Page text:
"We had a stipulation on the radio show that the broadcast had to be live," says Grabowske. "Wherever we played, we had to be able to drive back for the show. Every day. The farthest west I can remember going is San Angelo, Snyder, New London. South to Corpus Christi, Robstown, Three Rivers, Rusk. We had a standing engagement every Monday outside Houston. We played Dewey Groom's Longhorn Ballroom in Dallas, lots of Air Force and Army bases. [James] booked seven nights a week, so we were on the road all the time."
Grabowske left the group in the early Fifties, meeting his wife-to-be when she worked at Walgreens on Congress. He also found plenty of work as a hired hand, playing with Doug Hullum and his band the Swing Boys, among many others. Later in the decade, Grabowske took on a steel-guitar student. Once a week, the teenage boy's parents would drive him up to Austin for lessons.
"He was a sharp little boy, maybe 14, small in stature," Grabowske marveled about young Doug Sahm. "His folks would bring him from San Antone, and I gave him lessons for about a year. He could play fiddle, guitar, and was learning to play steel. He was a prodigy, just amazing."
The Fifties were a watershed era for music, the period leading up to the civil rights movement giving birth to new genres of music, particularly rock & roll, with its roots embedded in country and rhythm & blues. For all the horror stories about racism in Texas, some truly remarkable moments occurred.
Lavada Durst, KVET's popular black deejay, known to black and white audiences alike as the jive-talkin' "Dr. Hepcat," booked Doug & the Swing Boys for a "Western night" at the East End's landmark rhythm & blues venue, the Victory Grill. The regulars crowded the house that night, dressed in cowboy hats and boots and two-stepping away.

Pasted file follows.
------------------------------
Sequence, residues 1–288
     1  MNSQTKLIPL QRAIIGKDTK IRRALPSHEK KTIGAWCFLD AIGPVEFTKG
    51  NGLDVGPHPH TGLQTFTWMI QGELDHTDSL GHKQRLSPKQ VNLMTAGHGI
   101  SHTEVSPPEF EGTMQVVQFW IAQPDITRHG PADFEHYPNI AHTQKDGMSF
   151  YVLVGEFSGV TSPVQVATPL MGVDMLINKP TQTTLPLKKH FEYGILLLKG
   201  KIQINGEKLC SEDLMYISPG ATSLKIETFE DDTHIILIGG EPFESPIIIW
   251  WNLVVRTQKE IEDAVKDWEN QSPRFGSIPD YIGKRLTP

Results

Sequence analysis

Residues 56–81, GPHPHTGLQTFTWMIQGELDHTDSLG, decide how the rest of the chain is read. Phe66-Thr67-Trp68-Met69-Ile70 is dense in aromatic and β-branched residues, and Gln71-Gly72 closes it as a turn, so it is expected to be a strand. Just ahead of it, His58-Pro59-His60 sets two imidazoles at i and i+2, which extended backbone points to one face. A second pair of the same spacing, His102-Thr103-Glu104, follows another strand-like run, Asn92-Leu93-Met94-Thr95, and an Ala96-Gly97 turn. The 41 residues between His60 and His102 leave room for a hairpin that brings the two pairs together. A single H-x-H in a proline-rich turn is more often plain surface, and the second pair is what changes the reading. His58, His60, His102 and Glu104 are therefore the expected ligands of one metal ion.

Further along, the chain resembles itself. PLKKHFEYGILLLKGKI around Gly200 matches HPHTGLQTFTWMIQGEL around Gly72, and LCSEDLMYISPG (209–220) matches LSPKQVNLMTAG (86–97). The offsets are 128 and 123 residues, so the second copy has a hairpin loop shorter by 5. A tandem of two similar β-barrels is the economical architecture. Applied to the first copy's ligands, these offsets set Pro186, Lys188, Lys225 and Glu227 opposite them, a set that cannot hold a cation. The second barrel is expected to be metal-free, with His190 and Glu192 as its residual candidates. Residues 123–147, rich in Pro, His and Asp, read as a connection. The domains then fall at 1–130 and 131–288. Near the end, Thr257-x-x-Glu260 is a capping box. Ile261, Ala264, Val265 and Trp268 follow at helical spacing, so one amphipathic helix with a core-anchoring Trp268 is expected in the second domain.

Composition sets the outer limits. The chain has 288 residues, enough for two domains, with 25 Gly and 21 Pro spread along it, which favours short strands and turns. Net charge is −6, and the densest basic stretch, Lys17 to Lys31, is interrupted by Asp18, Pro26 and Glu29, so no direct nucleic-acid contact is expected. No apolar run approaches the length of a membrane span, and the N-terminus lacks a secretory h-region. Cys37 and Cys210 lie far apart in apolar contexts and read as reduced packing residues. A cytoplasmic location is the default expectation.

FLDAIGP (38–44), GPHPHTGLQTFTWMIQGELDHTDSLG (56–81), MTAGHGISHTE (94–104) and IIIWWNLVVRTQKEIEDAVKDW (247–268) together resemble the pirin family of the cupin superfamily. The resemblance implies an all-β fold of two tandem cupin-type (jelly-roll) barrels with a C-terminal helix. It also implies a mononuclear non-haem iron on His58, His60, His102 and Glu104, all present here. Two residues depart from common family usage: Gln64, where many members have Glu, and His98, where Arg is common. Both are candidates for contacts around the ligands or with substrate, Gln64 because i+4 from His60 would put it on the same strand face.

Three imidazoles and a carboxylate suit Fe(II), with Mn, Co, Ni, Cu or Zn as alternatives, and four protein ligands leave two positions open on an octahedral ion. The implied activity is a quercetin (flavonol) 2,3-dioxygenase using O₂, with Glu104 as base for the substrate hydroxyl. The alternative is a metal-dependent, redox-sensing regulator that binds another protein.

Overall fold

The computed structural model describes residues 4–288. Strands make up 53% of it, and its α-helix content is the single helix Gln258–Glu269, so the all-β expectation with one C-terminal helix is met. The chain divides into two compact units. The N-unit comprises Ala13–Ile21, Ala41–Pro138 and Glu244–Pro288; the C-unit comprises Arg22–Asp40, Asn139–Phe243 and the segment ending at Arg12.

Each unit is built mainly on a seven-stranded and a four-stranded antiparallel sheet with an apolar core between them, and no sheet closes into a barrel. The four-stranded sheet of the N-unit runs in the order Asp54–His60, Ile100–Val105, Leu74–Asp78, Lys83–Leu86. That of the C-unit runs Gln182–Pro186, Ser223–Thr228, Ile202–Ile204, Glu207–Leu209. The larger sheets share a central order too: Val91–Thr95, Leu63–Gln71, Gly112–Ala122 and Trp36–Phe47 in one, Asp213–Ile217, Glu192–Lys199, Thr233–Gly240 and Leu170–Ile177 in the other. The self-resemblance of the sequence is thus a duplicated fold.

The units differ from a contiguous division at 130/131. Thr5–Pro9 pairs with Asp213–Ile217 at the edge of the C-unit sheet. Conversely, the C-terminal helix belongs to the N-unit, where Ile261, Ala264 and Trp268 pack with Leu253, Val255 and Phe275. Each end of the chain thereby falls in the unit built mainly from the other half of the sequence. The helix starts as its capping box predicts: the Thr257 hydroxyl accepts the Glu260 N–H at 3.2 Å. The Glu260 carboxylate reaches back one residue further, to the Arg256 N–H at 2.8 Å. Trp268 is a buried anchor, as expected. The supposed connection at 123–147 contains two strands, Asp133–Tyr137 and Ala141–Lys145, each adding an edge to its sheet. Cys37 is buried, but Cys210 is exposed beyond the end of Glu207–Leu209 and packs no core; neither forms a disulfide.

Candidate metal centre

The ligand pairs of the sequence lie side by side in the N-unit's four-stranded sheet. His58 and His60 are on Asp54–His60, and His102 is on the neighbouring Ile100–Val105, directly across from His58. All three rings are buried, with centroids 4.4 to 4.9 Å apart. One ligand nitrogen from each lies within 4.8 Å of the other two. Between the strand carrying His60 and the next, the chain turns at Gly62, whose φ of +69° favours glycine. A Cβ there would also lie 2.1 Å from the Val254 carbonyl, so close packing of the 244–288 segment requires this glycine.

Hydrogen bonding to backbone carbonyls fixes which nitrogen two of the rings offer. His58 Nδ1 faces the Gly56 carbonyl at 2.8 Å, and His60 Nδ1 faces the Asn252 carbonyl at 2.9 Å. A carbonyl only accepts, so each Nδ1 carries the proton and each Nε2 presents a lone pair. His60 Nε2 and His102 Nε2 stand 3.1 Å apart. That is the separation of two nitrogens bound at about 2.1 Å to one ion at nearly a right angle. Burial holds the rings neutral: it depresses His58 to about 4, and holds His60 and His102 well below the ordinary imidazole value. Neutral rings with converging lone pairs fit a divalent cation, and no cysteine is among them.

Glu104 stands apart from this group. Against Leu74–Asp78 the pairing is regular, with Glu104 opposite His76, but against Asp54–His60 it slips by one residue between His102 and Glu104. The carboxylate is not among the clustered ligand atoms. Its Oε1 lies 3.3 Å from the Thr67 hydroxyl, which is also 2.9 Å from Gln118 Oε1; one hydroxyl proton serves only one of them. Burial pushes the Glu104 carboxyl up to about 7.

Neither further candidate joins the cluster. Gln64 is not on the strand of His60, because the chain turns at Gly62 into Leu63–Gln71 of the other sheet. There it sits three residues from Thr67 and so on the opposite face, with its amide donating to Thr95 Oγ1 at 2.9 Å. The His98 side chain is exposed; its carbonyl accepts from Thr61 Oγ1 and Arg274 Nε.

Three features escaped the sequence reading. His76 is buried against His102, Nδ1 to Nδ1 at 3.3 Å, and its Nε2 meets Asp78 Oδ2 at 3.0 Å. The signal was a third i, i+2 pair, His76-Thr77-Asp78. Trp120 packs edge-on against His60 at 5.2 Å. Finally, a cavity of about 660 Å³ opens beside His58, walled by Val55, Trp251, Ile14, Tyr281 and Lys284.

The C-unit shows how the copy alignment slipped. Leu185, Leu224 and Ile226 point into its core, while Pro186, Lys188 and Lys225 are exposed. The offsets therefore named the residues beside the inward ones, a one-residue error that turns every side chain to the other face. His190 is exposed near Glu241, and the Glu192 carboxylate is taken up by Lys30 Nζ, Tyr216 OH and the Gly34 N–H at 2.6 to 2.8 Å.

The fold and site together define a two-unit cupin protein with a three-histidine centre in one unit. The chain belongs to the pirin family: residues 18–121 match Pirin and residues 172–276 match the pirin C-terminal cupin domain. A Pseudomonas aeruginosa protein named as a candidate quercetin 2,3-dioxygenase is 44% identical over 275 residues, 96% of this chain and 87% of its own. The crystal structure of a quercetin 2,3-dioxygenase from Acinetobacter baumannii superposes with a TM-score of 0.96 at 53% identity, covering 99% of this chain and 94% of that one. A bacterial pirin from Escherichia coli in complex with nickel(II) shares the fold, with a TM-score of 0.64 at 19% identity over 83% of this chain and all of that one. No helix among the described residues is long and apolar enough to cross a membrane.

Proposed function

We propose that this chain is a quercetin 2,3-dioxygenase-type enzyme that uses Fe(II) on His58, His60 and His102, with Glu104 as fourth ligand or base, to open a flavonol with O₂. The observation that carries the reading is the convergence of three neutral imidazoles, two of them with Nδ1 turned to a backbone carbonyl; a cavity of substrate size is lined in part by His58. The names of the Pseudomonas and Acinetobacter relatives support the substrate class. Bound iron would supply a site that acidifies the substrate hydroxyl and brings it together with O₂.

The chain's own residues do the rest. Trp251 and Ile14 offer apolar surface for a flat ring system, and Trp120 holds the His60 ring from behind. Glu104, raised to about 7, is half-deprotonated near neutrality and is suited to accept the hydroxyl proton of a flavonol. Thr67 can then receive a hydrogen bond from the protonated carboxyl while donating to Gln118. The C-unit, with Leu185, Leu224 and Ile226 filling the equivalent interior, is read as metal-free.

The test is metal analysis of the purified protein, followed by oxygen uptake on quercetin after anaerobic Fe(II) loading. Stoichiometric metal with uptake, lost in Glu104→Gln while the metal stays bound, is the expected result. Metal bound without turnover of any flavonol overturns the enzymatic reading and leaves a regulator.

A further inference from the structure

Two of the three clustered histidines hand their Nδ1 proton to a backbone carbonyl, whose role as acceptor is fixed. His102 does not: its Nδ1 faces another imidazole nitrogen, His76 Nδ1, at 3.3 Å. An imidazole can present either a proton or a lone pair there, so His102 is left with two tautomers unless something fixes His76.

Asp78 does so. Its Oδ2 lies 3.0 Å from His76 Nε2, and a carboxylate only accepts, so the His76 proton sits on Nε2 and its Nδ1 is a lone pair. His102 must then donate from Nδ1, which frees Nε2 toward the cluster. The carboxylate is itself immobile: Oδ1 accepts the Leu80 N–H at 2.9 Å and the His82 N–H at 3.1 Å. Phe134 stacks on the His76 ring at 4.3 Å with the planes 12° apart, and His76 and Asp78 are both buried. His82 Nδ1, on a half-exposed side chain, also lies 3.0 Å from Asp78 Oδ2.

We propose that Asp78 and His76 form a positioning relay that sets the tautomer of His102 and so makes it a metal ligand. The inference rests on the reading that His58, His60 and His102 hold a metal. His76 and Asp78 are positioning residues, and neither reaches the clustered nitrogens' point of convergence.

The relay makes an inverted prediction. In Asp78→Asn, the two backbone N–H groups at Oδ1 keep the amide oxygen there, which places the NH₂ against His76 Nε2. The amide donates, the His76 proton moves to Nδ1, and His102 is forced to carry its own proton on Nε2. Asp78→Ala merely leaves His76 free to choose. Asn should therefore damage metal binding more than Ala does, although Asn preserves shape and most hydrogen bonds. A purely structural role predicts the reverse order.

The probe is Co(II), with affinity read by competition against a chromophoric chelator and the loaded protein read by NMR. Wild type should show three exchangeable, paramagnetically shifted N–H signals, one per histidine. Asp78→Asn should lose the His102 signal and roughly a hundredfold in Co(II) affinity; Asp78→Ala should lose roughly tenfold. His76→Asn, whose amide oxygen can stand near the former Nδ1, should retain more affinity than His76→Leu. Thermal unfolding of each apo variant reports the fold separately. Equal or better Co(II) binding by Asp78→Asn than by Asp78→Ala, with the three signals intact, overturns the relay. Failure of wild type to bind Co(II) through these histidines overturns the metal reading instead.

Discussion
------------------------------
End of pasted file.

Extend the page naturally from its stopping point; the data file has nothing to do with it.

"The Swing Boys knew how to play a variety of music styles," recalls Grabowske. "There was country, Western swing, blues, and some rock songs. The folks were very friendly and didn't seem familiar with steel guitar. They stood around me, watching me play and asking questions about it. When it was closing time, they wanted us to continue playing. We couldn't because of curfew."
Jody Meredith was also a member of Hullum's band, but when Warren Stark asked him to head up a house band at the Skyline Club, it was an offer he couldn't refuse. Neither did Grabowske. He played with Jody Meredith & the Roundup Boys at the Skyline until the mid-Sixties.
By the Sixties, country-music audiences were in flux. Times were changing fast: Not only was the genre evolving into "countrypolitan"; progressive country was rearing its shaggy head. Even when Asleep at the Wheel kicked off the Western swing revival in the Seventies, it was regarded with cultish adoration and not the broad acceptance of audiences from the Forties and Fifties. The sun had set on an era.
Stepping outside for a cigarette while his wife runs to the store, Grabowske grouses about his back yard and how overgrown it is. He's a gardening nut these days but won't accept any compliments on the lushness of his plants and flowers, pooh-poohing them as untended and that maybe it's about time to take it all up for the winter. The gigs still come on a fairly regular basis, and he's got a stack of honorary certificates and plaques for things like his induction into the Texas Steel Guitar Hall of Fame that he won't let his wife put on the walls.
To look at his sweet doughboy face, eyes focused on the rose bushes along the side of his property as he takes a long draw from his cigarette, the mind reels at the thousands of shows he's played. Jimmy Grabowske is a man who's achieved enough for several lifetimes, and it's possible that at this moment in time, his distant stare is fixed on the past, when the houselights dimmed, the applause heightened, and a voice rose over a distant microphone.
"Ladies and gentlemen, please welcome to the Skyline Club, Hank Williams!"
Jimmy Grabowske performs with the Texas Swingsters Friday, Oct. 5, at Ross' Old Austin Cafe, and Friday, Oct. 12, with the Texas Pioneers at the Taylor Slavonic Benevolent Order of the State of Texas.